break;
        }
        else
        {
            buf[n]='\0';
            printf("%s",buf);
        }
    }   
}
share|improve this question
2  
I assume you're using an FTDI USB-to-Serial converter. My experience is that it is important to first plug the converter into the USB port and only then connect the peripherial to the converter. This is because the operating system tries to do some handshake when the serial device node shows up, which might confuse your peripherial. Not sure whether this is the case here. –  Jonas Wielicki Nov 23 '13 at 9:46
    
Should I add delay before reading? –  Appie Nov 23 '13 at 10:16
    
No, you don't need a delay (I think). Only make sure you first plug the FTDI into the USB and then connect your pen-drive. –  Jonas Wielicki Nov 23 '13 at 10:19
    
Your suggestion worked only on the first trial. Any more idea? –  Appie Nov 23 '13 at 10:30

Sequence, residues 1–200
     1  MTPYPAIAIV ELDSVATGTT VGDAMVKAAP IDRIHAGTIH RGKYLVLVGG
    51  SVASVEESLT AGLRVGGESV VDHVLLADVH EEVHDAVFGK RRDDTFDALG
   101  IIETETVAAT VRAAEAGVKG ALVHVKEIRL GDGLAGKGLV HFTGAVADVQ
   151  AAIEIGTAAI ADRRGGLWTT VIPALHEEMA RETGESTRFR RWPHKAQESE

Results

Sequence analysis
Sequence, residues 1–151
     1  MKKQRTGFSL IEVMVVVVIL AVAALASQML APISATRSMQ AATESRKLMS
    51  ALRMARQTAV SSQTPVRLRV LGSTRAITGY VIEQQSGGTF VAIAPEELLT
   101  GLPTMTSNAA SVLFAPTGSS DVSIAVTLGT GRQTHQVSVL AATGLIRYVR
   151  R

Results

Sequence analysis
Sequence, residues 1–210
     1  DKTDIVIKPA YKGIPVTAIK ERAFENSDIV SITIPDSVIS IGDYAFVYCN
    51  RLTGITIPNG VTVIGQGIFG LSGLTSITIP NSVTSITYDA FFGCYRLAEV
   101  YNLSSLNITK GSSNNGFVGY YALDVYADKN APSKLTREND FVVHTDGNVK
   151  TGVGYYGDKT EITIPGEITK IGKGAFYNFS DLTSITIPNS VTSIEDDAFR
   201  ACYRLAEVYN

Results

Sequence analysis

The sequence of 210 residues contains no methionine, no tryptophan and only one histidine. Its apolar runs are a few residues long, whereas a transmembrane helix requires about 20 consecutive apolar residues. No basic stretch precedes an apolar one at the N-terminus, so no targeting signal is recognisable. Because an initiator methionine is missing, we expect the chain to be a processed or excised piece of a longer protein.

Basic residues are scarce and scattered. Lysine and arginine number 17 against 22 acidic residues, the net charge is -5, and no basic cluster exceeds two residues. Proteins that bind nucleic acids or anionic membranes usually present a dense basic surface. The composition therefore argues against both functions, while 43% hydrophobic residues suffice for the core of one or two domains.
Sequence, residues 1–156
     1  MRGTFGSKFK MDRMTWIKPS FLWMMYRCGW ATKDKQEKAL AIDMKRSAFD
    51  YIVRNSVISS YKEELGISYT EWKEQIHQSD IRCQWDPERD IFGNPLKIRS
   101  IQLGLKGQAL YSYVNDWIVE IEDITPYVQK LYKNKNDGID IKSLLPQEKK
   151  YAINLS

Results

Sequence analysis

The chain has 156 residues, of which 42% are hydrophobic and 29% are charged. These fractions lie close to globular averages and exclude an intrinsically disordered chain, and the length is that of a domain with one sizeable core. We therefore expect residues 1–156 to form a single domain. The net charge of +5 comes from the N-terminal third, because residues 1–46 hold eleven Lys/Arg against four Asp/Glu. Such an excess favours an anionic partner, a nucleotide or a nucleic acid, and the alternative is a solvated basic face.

2 Answers 2

up vote 2 down vote accepted

As you are using an FTDI USB-to-serial converter, care must be taken in which order you connect the devices.

After you connect the FTDI to the computer, the operating system sees a new serial device. Usually, this will make it try to handshake with the serial device (you can see that on some FTDI adapter boards on the blinking LEDs for rx/tx).

However, your peripherial might not be able to deal with that handshake and gets into an inconsistent or unknown (to you) state.

Thus it is important to first connect the FTDI to the computer and then connect the peripherial (your pen-drive) to the FTDI. This makes sure that the device does not see the handshake and your program can directly talk to it.

share|improve this answer
    
I tried your answer but got the output only for the first time ... for subsequent trials I'm not getting the expected answer –  Appie Nov 23 '13 at 11:51

Check the timing. Run the code with no device connected: it will end because n==0. I suppose the program is running after the data has been sent and the OS was not receiving data because port was not open. When it's running ok is because you got the timing between starting program and switch on the device.